Facebook denied a Monday report from The Wall Street Journal alleging the company is currently in the process of asking for in-depth financial information on customers of major banks in the United States. In a statement provided to TechCrunch, the firm downplayed the reported scope of its ambition to build new financial services powered by its Messenger app and other solutions, consequently dismissing the majority of privacy concerns raised by its recent efforts in the field. Features such as account management and customer support chat have been supported by Facebook's services for a while now and are already live in select markets such as Singapore where Citibank customers are able to interact with a Messenger chatbot in order to check their account balance contact customer service, or report fraud. That particular functionality is entirely automated, with human employees being taken out of the equation for the purpose of ensuring a maximum level of user privacy, according to the company.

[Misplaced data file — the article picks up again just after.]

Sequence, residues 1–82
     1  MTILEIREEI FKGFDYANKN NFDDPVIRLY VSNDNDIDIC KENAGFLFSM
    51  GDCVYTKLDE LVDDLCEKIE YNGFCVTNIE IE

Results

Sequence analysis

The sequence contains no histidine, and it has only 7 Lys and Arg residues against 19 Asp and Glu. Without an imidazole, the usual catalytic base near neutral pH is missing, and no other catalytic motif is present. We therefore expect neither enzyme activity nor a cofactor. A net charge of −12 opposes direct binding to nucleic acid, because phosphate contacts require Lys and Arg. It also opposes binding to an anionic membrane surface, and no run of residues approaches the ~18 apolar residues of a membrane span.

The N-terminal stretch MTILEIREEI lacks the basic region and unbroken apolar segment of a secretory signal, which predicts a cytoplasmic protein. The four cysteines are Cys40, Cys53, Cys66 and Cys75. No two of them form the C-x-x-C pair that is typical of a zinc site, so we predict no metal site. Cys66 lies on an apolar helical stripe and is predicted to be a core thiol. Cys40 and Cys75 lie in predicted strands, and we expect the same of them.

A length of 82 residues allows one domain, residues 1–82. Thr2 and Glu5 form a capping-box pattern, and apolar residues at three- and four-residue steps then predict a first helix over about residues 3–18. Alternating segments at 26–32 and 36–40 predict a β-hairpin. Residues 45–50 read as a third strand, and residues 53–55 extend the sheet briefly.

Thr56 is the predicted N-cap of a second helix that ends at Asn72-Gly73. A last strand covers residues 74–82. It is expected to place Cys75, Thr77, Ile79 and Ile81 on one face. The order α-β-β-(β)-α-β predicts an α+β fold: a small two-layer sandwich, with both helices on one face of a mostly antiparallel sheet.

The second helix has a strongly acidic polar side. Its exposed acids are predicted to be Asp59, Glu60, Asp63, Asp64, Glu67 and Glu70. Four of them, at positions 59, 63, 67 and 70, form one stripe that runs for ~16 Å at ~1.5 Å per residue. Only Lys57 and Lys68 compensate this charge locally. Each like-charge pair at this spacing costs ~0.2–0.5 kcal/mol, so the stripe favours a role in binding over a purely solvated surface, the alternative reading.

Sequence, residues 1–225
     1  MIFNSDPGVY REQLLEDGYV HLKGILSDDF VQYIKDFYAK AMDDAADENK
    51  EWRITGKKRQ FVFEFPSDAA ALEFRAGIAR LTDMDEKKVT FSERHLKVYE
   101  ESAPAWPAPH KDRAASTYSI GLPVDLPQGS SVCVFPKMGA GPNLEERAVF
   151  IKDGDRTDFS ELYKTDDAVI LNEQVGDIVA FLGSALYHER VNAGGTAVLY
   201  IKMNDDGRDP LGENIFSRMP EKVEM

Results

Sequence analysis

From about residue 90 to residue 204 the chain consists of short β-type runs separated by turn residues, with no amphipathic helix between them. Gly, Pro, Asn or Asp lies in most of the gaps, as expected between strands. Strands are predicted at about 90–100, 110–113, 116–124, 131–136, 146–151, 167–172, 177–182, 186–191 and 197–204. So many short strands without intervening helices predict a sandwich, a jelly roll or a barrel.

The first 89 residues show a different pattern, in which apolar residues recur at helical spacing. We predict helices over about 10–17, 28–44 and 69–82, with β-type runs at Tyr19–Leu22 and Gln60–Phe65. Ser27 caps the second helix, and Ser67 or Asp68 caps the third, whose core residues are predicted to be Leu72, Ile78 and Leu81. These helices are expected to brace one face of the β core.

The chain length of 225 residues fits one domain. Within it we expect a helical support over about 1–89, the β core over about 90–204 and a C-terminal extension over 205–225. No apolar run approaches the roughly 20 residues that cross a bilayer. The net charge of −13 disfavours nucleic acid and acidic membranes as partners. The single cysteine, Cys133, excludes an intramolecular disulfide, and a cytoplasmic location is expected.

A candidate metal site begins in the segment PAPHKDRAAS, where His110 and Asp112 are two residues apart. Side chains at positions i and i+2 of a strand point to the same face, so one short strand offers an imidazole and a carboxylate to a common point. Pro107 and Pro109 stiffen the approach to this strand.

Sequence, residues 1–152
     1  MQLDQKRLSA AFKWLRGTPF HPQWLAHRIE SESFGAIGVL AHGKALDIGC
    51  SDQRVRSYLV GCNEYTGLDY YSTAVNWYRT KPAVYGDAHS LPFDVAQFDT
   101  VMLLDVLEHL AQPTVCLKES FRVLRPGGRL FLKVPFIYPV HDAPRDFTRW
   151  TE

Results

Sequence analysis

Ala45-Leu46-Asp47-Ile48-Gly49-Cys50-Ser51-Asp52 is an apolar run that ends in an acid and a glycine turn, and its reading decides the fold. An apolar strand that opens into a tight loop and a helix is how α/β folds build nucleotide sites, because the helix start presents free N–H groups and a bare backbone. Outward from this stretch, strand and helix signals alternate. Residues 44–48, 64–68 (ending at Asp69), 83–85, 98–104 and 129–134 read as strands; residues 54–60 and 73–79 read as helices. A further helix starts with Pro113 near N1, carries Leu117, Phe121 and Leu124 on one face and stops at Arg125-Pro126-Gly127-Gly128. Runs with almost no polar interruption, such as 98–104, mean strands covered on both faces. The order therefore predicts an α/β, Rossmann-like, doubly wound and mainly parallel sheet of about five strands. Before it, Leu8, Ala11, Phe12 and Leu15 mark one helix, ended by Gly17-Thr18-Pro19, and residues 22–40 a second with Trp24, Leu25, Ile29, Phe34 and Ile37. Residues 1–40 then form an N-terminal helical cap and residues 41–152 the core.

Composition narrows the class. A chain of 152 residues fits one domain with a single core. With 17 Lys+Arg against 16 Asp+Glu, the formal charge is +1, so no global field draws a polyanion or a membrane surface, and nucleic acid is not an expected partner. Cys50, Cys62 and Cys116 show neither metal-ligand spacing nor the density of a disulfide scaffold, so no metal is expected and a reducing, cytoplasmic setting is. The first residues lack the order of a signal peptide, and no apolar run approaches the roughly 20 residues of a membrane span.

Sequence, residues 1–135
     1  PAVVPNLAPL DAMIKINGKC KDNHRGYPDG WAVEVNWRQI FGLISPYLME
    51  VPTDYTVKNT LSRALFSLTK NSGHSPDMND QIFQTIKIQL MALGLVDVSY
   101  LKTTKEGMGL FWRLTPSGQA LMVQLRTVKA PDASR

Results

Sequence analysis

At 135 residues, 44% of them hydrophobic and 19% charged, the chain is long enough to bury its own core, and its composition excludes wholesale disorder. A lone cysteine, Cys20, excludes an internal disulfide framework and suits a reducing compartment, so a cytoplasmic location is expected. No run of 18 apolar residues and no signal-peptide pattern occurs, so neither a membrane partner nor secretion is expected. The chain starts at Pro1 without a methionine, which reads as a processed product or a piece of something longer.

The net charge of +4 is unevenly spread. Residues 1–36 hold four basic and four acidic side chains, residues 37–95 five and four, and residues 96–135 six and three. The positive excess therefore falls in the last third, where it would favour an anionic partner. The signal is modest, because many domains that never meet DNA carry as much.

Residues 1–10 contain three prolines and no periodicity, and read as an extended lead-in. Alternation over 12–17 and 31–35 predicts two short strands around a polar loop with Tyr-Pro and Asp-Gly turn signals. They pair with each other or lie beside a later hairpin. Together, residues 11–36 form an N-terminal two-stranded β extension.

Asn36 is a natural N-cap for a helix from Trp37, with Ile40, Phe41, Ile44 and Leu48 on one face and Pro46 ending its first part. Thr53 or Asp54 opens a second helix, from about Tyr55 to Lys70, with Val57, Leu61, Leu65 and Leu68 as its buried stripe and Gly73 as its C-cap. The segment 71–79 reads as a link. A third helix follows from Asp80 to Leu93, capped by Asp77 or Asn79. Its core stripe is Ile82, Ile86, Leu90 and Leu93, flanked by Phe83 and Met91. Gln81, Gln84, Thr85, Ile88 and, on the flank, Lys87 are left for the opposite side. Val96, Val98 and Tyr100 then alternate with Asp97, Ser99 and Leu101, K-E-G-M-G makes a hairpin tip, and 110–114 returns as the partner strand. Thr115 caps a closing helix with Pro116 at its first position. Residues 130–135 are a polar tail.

Facebook's move to approach major financial institutions in the U.S. was of similar nature and didn't entail any requests for credit card transaction histories, nor is the social media giant interested in launching a dedicated banking service moving forward, spokeswoman Elisabeth Diana said. Any partnerships with American banks Facebook may end up agreeing won't see bank customer data being used for the purposes of targeting advertisements or personalizing any other kind of content served through the company's platforms, according to the same official.
While the Monday report indicated Facebook has been proactive about all of its collaborations with banks, the Menlo Park, California-based firm said some institutions also approached it with the idea of establishing such partnerships on their own. Facebook is understood to be pursuing financial integrations with its app portfolio in order to boost user engagement rates which are being threatened by its continued fight against misinformation and low-quality content, an endeavor that already saw its News Feed largely purged from engaging content posted by Pages.